This is Graham’s 13th year with the Eagles, Kelce’s 12th year, Cox’s 11th year and Johnson’s 10th. Along with Jerry Sisemore, Brent Celek, John Bunting and Randy Logan, they’re among only eight players who’ve played at least 10 seasons here and never played for another team.
They’re all Eagles Hall of Fame no-brainers, and Kelce and perhaps Cox is a future Pro Football Hall of Famer.
They’re living legends and they’re more than willing to mentor and counsel any young player who asks.
“That’s a luxury a lot of NFL teams don’t have,” Jack Stoll said. “They don’t have guys like that walking around their building willing to share their knowledge with everybody. We’re unbelievably lucky to have guys like that.
“They teach you how to do it the right way, and they’ve been unbelievable helping us out. From the stories I’ve heard, some people, they get to that level and they don’t really try to help anyone out, so the fact that they’re willing to go out of their way and help everyone is something I don’t think any of us take for granted. We’re extremely lucky to have them.
“You can learn so much, even just by watching them. Just seeing how they take care of their body, getting a little more work in, recovery, how they prepare for stuff, film – it’s unbelievable to watch and just being a young guy you look at that and you realize, ‘That’s how you do it.’ That’s so valuable.”
Mailata arrived here in 2018 with literally zero football experience, so having Pro Bowl-caliber veterans all over the locker room meant the world to him.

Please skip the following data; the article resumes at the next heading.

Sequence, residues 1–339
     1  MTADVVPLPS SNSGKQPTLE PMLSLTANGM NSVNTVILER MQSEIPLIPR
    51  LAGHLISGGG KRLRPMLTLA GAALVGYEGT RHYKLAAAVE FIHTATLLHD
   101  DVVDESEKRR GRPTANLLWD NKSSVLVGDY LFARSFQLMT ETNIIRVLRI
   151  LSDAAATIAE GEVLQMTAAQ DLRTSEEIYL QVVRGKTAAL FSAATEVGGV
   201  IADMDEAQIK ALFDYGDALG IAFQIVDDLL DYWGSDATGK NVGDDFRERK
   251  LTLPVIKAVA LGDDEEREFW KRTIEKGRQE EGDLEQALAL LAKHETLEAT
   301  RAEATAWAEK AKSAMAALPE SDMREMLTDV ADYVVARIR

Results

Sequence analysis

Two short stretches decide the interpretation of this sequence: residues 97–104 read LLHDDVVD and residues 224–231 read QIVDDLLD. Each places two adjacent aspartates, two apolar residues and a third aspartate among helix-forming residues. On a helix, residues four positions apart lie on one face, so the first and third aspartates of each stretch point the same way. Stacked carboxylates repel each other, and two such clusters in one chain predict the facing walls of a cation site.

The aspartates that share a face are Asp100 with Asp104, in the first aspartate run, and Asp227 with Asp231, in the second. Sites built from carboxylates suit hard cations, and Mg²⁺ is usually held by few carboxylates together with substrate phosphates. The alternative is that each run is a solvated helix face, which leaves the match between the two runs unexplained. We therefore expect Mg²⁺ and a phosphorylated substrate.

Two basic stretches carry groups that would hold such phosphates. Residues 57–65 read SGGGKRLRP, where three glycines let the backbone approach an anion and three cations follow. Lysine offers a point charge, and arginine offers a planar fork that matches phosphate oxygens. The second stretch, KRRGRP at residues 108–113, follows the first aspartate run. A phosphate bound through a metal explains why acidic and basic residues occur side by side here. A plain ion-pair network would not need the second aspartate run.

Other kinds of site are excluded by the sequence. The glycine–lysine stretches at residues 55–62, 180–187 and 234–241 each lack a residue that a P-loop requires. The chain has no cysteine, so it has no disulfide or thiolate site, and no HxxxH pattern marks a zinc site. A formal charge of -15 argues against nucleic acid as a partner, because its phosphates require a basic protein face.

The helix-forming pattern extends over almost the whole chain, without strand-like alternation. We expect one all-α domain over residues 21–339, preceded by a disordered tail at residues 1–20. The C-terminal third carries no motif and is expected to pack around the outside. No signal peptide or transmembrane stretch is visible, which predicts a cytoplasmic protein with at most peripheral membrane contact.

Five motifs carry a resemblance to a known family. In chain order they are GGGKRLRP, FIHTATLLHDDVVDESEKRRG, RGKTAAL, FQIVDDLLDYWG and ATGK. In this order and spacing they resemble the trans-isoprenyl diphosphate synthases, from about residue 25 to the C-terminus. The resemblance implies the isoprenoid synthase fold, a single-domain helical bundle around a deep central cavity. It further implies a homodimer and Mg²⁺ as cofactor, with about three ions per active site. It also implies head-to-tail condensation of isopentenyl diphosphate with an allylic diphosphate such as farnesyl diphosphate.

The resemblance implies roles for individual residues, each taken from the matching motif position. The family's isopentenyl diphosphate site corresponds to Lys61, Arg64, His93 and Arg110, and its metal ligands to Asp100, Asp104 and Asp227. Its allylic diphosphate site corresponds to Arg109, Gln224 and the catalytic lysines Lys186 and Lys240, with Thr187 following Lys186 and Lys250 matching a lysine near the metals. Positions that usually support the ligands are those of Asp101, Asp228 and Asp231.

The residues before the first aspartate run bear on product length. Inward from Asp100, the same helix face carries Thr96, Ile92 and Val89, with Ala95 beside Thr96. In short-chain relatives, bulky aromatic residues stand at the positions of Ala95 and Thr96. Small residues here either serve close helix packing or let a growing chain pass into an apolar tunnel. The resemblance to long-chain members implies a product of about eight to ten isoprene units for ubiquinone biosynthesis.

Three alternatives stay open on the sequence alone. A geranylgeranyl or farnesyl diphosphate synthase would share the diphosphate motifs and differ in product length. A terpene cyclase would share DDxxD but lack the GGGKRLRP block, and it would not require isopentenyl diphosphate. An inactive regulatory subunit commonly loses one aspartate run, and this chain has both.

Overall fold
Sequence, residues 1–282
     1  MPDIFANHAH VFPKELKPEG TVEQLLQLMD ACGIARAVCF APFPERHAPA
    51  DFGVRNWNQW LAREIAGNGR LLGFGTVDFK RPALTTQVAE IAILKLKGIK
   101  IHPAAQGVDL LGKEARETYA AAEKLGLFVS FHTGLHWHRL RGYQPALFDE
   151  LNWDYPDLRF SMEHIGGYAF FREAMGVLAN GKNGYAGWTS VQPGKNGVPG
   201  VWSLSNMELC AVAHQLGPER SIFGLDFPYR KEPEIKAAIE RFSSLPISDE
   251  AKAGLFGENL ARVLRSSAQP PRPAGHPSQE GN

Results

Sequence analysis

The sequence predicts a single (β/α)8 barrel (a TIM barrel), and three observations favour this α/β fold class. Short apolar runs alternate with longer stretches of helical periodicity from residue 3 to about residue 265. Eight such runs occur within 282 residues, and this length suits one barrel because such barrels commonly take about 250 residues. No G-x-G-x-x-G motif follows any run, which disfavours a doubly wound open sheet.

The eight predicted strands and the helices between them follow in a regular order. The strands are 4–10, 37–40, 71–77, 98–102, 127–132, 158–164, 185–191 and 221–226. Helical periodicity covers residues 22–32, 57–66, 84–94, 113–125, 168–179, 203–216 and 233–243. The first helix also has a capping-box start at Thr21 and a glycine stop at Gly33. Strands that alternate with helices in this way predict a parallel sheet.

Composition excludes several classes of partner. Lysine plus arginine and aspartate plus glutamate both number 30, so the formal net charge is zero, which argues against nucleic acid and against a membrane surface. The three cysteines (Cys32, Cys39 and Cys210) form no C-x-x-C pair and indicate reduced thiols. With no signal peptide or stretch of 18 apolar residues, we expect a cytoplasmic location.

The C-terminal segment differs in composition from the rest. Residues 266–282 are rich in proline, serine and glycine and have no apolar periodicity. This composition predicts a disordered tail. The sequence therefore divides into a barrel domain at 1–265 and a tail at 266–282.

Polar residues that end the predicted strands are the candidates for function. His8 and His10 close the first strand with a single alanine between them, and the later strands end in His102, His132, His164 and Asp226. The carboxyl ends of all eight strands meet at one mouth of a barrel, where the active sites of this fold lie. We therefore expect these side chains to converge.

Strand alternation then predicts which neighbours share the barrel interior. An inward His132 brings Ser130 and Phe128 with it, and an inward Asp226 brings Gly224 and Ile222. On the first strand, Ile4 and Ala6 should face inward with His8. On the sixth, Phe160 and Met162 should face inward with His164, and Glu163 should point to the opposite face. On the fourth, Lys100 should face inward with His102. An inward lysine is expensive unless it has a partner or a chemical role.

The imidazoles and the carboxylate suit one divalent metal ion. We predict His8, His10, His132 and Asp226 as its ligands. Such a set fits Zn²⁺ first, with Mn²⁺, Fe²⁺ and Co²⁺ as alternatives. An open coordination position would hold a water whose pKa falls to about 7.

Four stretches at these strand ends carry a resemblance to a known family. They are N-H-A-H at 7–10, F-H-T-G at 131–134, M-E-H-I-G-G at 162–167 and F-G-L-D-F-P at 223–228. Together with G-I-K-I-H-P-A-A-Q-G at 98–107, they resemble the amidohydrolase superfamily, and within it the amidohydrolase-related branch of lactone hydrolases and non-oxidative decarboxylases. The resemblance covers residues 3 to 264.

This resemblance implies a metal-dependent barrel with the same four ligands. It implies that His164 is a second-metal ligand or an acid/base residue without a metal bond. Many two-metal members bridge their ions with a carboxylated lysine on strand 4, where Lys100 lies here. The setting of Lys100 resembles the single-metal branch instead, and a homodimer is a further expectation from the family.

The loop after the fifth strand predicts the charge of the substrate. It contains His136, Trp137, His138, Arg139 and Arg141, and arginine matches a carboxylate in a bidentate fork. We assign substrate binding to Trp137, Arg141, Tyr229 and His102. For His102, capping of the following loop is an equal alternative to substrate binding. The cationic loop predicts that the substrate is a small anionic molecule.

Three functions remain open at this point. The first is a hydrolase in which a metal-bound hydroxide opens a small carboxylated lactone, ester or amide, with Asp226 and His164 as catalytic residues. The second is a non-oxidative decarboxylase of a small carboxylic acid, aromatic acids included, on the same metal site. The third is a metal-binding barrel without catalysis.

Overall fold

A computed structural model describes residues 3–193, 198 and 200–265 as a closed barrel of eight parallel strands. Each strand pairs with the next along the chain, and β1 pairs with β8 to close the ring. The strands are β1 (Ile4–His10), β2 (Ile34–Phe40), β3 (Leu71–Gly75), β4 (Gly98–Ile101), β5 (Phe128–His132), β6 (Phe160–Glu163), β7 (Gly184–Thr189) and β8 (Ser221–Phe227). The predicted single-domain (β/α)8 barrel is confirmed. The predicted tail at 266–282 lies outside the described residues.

“You ought to see the amount of time Lane puts into his body to make sure he’s fresh,” he said. “Even in meetings, he’s constantly doing something to take care of himself – stretching his toes or rolling something out. I guess that comes with age and playing that long in the league and he’s always preaching taking care of your body. I see it with Fletch, he never takes a day off, he’s doing cardio, he’s got his own routine. B.G.’s almost always the first one in the building doing his routine. Kelce does his routine after practice.
“Seeing the success they’ve had on the field for so long, you ask yourself, ‘How did they get there? How are they having this kind of success?’ And you see the routines they have and it’s something you know you have to have if you want to get to that point.”
It didn’t take rookie Britain Covey very long after joining the Eagles in April to realize how valuable the resources were in the Eagles’ locker room.
“The way I see it is in any other profession, you will do whatever you can – whether that’s travel or go to seminars, read books, whatever you can do – to learn from the best people in that profession,” Covey said.
“Think about the lengths some people will go to to find the best people in their profession to learn something from. And just the fact that in my profession I get to be around them constantly. That’s special and when you look at it from that mindset you realize how unique of an opportunity it is.
“There’s so many things you can get frustrated with in football. But then I take a step back and I just think, ‘Wow, people would kill to just be around someone like that and watch them work.’ That’s what I love about it. You can learn so much just being around those guys.”